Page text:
The Reserve Bank of India (RBI) raised interest rates at its review on Jan 28. The justification usually given for doing so is inflation.

But at its previous review, when inflation had soared, the RBI was passive and left rates unchanged. Now, with wholesale price inflation (WPI) slowing to 6.16 percent, the RBI was quick to raise the repo rate by 25 bps back to its highest level since the 2008 crisis. Why?

from Expert Zone:

Which inflation should the RBI target?

The Reserve Bank of India (RBI) is entrusted with the responsibility of maintaining price and financial stability, and it has used interest rate and money supply to pursue this objective with unwavering determination. Yet, inflation has survived with matching persistence.

The index that the RBI uses to target inflation is the wholesale price index (WPI), which is the combined price of a commodity basket comprising 676 items. A few prices in this basket can be too volatile or outside the scope of the RBI’s monetary policy, leading to poor results.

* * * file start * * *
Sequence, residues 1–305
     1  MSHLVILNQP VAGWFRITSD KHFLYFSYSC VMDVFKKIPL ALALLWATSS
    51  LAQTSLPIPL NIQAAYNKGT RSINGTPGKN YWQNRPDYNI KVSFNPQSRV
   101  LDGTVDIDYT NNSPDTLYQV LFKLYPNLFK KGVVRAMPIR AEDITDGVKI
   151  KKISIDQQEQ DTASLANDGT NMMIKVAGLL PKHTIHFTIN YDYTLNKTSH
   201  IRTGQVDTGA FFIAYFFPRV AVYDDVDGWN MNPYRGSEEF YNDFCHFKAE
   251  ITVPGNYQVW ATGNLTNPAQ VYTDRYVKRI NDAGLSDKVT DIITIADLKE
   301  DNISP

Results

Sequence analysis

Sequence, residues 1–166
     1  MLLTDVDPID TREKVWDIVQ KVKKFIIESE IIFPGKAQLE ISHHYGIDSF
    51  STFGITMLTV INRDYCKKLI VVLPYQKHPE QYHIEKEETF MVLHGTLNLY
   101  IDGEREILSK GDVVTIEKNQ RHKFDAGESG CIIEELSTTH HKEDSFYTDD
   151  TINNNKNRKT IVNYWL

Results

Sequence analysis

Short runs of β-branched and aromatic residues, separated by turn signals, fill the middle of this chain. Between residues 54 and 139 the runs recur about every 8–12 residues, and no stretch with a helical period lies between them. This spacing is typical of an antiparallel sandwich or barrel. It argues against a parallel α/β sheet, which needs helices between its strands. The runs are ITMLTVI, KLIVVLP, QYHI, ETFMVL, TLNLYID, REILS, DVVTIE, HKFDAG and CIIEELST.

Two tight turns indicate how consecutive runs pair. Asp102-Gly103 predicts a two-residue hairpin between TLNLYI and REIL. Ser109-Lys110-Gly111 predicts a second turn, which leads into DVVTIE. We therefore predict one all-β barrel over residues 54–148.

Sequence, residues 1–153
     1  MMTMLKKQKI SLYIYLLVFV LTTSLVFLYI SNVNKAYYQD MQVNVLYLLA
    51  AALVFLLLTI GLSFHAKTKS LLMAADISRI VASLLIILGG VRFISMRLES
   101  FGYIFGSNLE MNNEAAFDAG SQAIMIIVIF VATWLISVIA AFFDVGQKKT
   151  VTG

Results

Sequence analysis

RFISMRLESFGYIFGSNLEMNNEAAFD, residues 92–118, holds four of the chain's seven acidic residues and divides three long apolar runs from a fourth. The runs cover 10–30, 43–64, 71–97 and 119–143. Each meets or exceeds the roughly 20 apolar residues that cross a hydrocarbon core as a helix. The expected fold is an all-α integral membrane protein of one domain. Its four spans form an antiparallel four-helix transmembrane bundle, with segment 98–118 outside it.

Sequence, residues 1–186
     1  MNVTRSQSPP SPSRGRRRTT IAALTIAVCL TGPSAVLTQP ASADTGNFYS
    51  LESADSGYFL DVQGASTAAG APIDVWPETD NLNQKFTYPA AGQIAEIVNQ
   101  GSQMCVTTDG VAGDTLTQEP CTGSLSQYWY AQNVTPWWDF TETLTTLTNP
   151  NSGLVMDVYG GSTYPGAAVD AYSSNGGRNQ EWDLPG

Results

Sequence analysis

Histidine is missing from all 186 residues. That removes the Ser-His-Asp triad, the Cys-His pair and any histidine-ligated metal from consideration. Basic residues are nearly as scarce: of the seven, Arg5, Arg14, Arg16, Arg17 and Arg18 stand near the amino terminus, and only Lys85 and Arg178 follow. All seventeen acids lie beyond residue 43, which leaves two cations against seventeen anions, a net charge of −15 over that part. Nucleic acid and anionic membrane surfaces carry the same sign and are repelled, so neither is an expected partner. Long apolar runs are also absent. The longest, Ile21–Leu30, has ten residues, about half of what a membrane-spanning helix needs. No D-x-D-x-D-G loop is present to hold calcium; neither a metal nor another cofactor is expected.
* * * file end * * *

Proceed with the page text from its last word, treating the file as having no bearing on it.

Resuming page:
from Global Investing:

Chinese inflation – unreported retail

China's inflation print for June at 2.7 percent, a four-month high, was higher than forecast, but part of the picture could be obfuscated by a lack of accounting for the ever-growing online retail sector.

Gross domestic product figures have been consistently revised down this year from 8 percent to around 7.4 percent by July, with significant doubt over the reliability of official data. Some analysts forecast the more likely GDP print is around 5 percent, given the lack of punishment for falsifying local data and incentives for better growth figures for regional prints.

from George Chen:

China is still waiting for inflation to peak

By George Chen
The opinions expressed are the author’s own.

How time flies. It's already the end of August and speculations naturally arise about what China's inflation reading will be for this month.

The most optimistic view these days is that the August Consumer Price Index (CPI) could decline to below 6 percent. The most pessimistic view I've heard is that growth has slowed down in August, but probably only to 6.2 percent or 6.3 percent.